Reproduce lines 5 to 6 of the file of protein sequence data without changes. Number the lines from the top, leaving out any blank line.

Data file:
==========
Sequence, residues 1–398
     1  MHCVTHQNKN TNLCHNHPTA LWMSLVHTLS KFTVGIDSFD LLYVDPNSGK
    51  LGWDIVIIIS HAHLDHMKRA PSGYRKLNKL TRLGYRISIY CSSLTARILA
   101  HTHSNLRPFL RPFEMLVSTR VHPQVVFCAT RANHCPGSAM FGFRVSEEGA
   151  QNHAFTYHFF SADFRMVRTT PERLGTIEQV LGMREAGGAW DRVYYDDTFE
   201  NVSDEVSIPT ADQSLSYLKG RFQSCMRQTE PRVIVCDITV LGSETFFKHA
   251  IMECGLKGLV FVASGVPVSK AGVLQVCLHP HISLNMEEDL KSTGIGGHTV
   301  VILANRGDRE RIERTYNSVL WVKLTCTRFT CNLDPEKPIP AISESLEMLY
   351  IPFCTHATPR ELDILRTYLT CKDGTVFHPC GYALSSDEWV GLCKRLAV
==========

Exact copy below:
   151  QNHAFTYHFF SADFRMVRTT PERLGTIEQV LGMREAGGAW DRVYYDDTFE
   201  NVSDEVSIPT ADQSLSYLKG RFQSCMRQTE PRVIVCDITV LGSETFFKHA